In companion animals, either whole blood or plasma transfusions are often necessary to support patients while they recuperate their proper vitamin [K.sub.1] levels. (23) The decision to transfuse must be made in a timely fashion, as evidenced by this bird's rapid progression from stable to critical within 12 hours and declining PCV values. The normal PCV ranges for Andean condors are reported to be between 39% and 48% with a mean of 42%.2 Although transfusions have been recommended in raptors with a PCV less than 20%, the decrease in the bird's PCV from 56% on day 1 to 33% on day 4, with a corresponding increase in clotting times and decrease in plasma protein, marked a wide enough margin to warrant transfusion. (24) Whole blood is preferred in cases of excessive blood loss, but fresh or fresh-frozen plasma may be transfused in cases where the animal has not yet become anemic. (10) In this case study, whole blood was chosen to replace lost cells and replenish clotting factors. Although a transfusion of 1% body weight has been proven safe, the bird in this case received 0.415% of its body weight in whole blood. (25)

Currently, the condor is doing well and is stable. It is still housed at the National Aviary along with a new mate that was introduced in January 2014. Aside from the potential relapse, there has been no evidence of sequelae from the toxicosis or subsequent treatment procedures.

Acknowledgments: We thank the doctors and staff of the Pittsburgh Veterinary Specialty and Emergency Clinic for their provision of blood collection bags, the Pittsburgh Zoo and PPG Aquarium for their assistance during the transfusion, and Dr Robert Van Saun of the Pennsylvania State University for his assistance in editing this manuscript.


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Kira L. Hydock, BS, BA, Camille DeClementi, VMD, Dipl ABT, Dipl ABVT, and Pilar H. Fish, DVM

From The University of Pennsylvania School of Veterinary Medicine. 331 Thistle Court, Pittsburgh, PA 15239, USA (Hydock); the ASPCA Animal Poison Control Center, 1717 South Philo Road. Suite 36, Urbana, IL 61802. USA (DeClementi); and The National Aviary, 700 Arch Street, Pittsburgh, PA 15212, USA (Fish).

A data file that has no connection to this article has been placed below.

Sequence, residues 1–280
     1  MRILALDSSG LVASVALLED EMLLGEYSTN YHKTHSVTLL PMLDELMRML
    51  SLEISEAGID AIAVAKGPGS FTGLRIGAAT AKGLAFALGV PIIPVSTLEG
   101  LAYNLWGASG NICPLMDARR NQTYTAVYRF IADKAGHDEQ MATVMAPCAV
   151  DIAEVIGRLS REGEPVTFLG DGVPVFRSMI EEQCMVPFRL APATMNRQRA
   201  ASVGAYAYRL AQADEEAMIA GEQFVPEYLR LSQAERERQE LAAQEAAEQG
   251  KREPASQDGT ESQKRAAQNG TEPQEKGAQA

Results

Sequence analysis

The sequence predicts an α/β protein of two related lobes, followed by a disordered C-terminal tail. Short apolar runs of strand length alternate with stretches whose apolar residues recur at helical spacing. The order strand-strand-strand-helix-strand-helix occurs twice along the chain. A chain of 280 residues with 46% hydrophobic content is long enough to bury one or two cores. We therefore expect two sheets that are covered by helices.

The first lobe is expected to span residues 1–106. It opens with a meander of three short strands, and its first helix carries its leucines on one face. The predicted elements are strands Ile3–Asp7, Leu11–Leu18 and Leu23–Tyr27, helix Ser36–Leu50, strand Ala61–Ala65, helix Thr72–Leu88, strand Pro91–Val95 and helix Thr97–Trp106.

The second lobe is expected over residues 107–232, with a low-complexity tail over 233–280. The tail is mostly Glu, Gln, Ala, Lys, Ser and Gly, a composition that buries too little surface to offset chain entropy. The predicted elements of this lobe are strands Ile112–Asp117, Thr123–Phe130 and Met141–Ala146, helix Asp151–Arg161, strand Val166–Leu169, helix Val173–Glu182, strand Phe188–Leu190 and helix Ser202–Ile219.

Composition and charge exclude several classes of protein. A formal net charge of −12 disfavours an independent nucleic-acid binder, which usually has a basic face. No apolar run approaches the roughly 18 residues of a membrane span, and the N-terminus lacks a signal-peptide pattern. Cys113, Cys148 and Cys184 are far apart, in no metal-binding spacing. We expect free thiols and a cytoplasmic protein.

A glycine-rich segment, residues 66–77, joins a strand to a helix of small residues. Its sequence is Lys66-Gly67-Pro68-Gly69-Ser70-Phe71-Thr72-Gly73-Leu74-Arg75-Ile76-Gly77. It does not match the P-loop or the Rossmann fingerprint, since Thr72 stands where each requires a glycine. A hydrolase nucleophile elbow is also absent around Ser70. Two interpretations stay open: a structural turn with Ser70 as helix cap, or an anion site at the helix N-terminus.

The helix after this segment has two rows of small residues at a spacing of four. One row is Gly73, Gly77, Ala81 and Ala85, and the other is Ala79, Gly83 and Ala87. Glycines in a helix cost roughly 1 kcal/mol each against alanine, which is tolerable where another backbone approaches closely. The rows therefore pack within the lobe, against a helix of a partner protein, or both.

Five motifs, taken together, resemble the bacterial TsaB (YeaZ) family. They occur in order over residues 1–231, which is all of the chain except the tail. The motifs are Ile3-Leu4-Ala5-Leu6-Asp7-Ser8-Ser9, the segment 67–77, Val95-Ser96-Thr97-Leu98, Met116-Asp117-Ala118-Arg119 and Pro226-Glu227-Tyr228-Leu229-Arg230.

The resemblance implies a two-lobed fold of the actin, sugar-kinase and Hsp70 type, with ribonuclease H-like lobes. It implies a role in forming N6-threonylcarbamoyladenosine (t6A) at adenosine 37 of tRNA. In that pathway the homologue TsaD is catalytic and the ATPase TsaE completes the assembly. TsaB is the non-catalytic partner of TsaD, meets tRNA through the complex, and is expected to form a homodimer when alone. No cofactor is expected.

Caption: Figure 1. Serial packed cell volume (PCV) and total solids (TS) by day in a captive Andean condor with brodifacoum rodenticide toxicosis. Case day indicates day of transfusion; values from that day were collected before transfusion.
Table 1. Packed cell volume (PCV) and total solids (TS)
values in a captive Andean condor with brodifacoum
toxicosis by case day after presentation.

Day     PCV (%)   TS (g/dL)

1       56        3.8
3       37        3.4
4 (a)   33        3.0
6       44        3.7
9       46        3.8

(a) Values before transfusion on day 4.

Table 2. Vitamin K, dosages used for treatment of a
captive Andean condor with brodifacoum toxicosis.

Days after onset of clinical signs        Dosage

1                                     0.2 mg/kg q12h
2-6                                   5 mg/kg q 12h
7-9                                   15 mg/kg q24h
10-39                                 10 mg/kg q24h
40-70                                  5 mg/kg q24h
71-98                                 2.5 mg/kg q24h
99-118                                2.5 mg/kg q48h
119                                    Discontinued
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Title Annotation:Clinical Report
Author:Hydock, Kira L.; DeClementi, Camille; Fish, Pilar H.
Publication:Journal of Avian Medicine and Surgery
Date:Sep 1, 2017